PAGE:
Ottawa (AFP) - Canada won't be intimidated by China's tit-for-tat expulsion of a Canadian consul, Prime Minister Justin Trudeau said Tuesday, after Ottawa this week ousted a Chinese diplomat accused of targeting a lawmaker critical of Beijing.
The Canadian leader said his administration took the decision to expel the Chinese official "to send a very clear message that we will not accept foreign interference."
"Whatever next choices they make, we will not be intimidated," he told reporters in Ottawa, after the quickly escalating row saw Beijing accuse Canada of seeking to "sabotage" relations with its second-largest trading partner.
Following years of cool relations, tensions flared on Monday when Canada announced the expulsion of Chinese diplomat Zhao Wei at its consulate in Toronto.
Foreign Minister Melanie Joly said it was a clear demonstration of Ottawa's resolve to defend its democracy.
She acted after local media revealed China's intelligence agency had planned to target MP Michael Chong and his relatives in Hong Kong with sanctions for sponsoring a 2021 motion that condemned Beijing's conduct in the Xinjiang region as genocide.
A few hours later China responded by expelling the Canadian consul in Shanghai, Jennifer Lalonde, accusing Canadian politicians and media of hyping up the allegations of foreign meddling in Canadian affairs.
This was characterized by Beijing as "a reciprocal countermeasure in reaction to Canada's unscrupulous move."
Beijing also said it filed an official protest with Ottawa over breaches of international law and diplomatic norms, and warned that it "reserves the right to further react."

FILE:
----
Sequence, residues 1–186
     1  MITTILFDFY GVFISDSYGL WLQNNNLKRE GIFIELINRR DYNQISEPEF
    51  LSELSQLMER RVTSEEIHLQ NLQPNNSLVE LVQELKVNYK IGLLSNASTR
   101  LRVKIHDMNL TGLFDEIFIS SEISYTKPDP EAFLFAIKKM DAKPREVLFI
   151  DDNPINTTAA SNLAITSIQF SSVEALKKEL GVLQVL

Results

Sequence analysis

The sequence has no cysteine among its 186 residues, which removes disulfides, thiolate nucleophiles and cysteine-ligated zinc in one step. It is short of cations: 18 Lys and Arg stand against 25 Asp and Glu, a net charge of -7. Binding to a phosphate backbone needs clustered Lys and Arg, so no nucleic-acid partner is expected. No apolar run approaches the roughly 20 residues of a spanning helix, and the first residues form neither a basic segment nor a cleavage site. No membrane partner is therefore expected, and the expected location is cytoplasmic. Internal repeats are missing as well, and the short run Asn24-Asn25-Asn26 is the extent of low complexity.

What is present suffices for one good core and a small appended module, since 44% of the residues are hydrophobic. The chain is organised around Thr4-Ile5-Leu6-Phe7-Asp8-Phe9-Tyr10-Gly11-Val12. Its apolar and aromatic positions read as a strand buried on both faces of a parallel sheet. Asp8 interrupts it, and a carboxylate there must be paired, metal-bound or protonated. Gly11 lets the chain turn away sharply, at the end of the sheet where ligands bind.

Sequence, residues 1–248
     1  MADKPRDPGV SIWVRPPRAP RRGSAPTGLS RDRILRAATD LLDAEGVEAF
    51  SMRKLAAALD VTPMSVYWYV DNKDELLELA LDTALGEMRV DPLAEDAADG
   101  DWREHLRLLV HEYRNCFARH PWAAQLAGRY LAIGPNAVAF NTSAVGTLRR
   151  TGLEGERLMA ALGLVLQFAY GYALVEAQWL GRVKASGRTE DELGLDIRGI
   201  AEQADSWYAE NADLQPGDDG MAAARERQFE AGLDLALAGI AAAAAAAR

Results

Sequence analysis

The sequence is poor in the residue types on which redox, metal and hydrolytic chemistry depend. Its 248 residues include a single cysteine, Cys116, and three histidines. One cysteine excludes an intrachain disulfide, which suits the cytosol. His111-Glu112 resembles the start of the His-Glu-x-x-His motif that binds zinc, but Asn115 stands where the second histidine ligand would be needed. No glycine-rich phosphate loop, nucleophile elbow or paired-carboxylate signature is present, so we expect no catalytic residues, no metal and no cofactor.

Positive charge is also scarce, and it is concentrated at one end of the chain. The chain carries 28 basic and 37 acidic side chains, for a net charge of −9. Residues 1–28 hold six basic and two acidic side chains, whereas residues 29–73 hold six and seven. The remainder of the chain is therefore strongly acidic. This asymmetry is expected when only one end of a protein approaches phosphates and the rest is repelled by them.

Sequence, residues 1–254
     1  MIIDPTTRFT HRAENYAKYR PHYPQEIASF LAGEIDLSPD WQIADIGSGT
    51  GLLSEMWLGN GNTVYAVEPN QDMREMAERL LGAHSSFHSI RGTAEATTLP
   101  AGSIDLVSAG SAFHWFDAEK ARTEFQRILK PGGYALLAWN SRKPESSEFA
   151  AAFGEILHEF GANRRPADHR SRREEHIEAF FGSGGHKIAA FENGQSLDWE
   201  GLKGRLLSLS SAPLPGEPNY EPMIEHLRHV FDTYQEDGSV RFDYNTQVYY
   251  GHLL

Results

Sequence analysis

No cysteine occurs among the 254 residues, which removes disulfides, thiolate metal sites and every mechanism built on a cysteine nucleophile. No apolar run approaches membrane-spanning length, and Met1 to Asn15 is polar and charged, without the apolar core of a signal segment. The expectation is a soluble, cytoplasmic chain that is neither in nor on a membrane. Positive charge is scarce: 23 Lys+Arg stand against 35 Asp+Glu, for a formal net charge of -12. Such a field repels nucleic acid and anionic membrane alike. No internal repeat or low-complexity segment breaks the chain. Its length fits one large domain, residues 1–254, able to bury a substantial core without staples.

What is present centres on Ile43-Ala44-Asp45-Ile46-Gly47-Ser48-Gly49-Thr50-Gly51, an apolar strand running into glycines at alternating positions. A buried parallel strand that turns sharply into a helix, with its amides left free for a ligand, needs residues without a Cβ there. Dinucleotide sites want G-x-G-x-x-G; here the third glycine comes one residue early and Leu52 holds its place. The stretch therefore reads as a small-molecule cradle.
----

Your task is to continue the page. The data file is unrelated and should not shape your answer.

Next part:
Joly said Tuesday that Canadians would be made aware of the "different risks" of travelling to China.
'Significant and serious step'
Trudeau acknowledged that "declaring a foreign diplomat persona non grata is a significant and serious step."
He said Ottawa's move "demonstrates firmness" in pushing back."We will continue to do everything necessary to keep Canadians protected from foreign interference or fear," he said.
The head of a minority liberal government, Trudeau has faced growing pressure to take a hard line on China following revelations in recent months that it sought to sway Canada's 2019 and 2021 elections in his party's favour.
The diplomatic expulsion followed an outcry in Canada over the fresh allegations of targeting Chong.
Beijing "almost certainly meant to make an example of this MP and deter others from taking anti-PRC positions," the Globe and Mail newspaper last week cited a Canadian intelligence document as saying, using an acronym for the People's Republic of China.
Zhao Wei allegedly played a key role in the scheme.
Chong said Monday that "it shouldn't have taken the targeting of a member of Parliament to make this (expulsion) decision."
He also lamented that Canada had become "a playground for foreign interference," including the harassment of diaspora communities.
Relations between Beijing and Ottawa have been tense since Canada's 2018 arrest on a US warrant of a top Huawei executive, and the detention of two Canadian nationals in China in apparent retaliation, along with bans on Canadian agricultural exports such as canola and pork.
All three -- Huawei executive Meng Wanzhou, former Canadian diplomat Michael Kovrig and businessman Michael Spavor -- were eventually released, and the trade restrictions have been lifted.
But Beijing has continued to blast Ottawa for aligning with Washington's China policy, while Canadian officials regularly accused China of interference.
The two countries have also traded barbs over tech, with Canada moving to block Chinese firms' involvement in the build-out of next-generation communications infrastructure and critical minerals mining in this country.
In March, Trudeau appointed an independent special investigator to probe all of the China meddling allegations.